In the digital try-out "Happily Ever After", Benjamin Burger gets to the bottom of the industrial promise of happiness, questions which biopolitical assumptions underlie it and how various emotional assistants teach him to make his inner world blossom while the outer world continues to deteriorate.
"A person who feels good is a good person. A person who feels bad is a bad person" is how philosopher Eva Illouz describes the paradigm of the "happiness dictatorship". Behind this logic is an industry for which the perception of happiness is a resource. It surfs on the promise that one's own happiness and well-being are only a question of one's own worldview. Various apps promise that negative emotions can be controlled and personal happiness can be trained. "You just need to weather the storm." In exercise programmes, they hold out the prospect of an ever-improved, even happier self. These apps for emotion control are an expression of a technocratic worldview, for which everything, including one's own psychological feelings, can be programmed. In fact, the Happy Interfaces promise that negativity is an evolutionary aberration, but that we can re-polarise ourselves for happiness. "I know it looks like science fiction but it's not".
At Tatwerk, Benjamin Burger and musician Ray Herlitz will present a first show based on their previous research in the form of a digital videolecture performance.
Supported by Stadt Zürich Kultur
»Between Us« invites selected artists to realize independent, digital and discursive formats within their own work processes explicitly designed for streaming.
Supported by Fonds Darstellende Künste with funds from the Federal Government Commissioner for Culture and the Media.
Research and performance: Benjamin Burger
Music: Ray Herlitz
Musikproduktion: Moritz von Papp
Benjamin Burger is an interdisciplinary artist. He works in Zurich and Berlin at the intersection of theater, performance and design. He is the founder of the production Extraleben and works in cooperation with other artists* or solo. With his work he explores the pathologies of hypercapitalism.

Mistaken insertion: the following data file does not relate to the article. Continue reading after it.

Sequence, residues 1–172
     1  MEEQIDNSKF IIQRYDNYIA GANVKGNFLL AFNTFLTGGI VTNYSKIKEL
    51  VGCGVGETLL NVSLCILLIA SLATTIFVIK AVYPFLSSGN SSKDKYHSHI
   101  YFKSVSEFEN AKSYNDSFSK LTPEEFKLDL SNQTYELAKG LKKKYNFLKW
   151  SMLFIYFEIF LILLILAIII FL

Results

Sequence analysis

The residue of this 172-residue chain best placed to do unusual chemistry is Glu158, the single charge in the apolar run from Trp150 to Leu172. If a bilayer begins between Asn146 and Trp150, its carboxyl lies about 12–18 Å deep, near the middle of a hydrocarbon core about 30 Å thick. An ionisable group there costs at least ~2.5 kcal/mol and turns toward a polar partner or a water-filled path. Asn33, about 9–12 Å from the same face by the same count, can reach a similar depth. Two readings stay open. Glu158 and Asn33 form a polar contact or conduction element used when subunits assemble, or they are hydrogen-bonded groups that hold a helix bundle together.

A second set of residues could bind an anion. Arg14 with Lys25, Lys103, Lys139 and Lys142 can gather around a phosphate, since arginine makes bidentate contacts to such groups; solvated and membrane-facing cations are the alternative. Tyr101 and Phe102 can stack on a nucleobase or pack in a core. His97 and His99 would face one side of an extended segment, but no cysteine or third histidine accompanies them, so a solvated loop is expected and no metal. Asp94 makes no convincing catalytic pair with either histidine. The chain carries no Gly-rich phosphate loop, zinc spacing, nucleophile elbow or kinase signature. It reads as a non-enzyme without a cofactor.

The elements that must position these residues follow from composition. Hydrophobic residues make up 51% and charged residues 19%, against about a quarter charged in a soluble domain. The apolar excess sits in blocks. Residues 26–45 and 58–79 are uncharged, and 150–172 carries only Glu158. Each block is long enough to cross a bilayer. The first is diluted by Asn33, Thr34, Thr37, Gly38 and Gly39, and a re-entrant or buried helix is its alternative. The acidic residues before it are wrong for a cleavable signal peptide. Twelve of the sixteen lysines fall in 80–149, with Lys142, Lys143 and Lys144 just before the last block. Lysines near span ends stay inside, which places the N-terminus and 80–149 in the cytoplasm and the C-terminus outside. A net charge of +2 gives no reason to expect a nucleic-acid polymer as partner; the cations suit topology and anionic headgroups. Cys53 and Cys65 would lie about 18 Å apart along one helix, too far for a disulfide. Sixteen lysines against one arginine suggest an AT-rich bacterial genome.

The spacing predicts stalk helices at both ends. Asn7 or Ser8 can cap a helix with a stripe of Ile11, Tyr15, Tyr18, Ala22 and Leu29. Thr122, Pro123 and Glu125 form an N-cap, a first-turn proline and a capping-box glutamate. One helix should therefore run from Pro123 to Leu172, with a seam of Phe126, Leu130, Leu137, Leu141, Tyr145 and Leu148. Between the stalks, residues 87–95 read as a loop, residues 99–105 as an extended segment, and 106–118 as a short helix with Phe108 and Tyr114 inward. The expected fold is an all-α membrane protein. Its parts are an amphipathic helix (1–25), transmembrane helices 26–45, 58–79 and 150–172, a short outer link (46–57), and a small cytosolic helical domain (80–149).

»It is easier to imagine the end of the world than the end of capitalism.« The statement aptly describes a society that perceives its circumstances as having no alternative. Along with this omnipresent fatalistic attitude towards life, which Mark Fisher calls »Capitalist Realism«, Benjamin asks himself in his artistic works to what extent breaking out of the system is still possible at all. He assumes a general state of exhaustion in our meritocracy, which for him is symptomatic of the exploitative practice that underlies this system. The collapse is not only constantly threatening psychologically (burn out, despression, psychoses) but also the ecosystem is on the verge of exhaustion. Based on this, Benjamin places an emphasis on the psychological consequences of climate catastrophe. The climate crisis may represent the ultimate trauma to our society, for with it the narrative of infinite fitness and value creation begins to crumble. One must radically renegotiate what it means to be human on this planet. To this end, Benjamin conceives of art and theater as a speculative space for thought. In his current research »Happy Points« Benjamin investigates whether a different understanding of happiness is not also necessary for social change.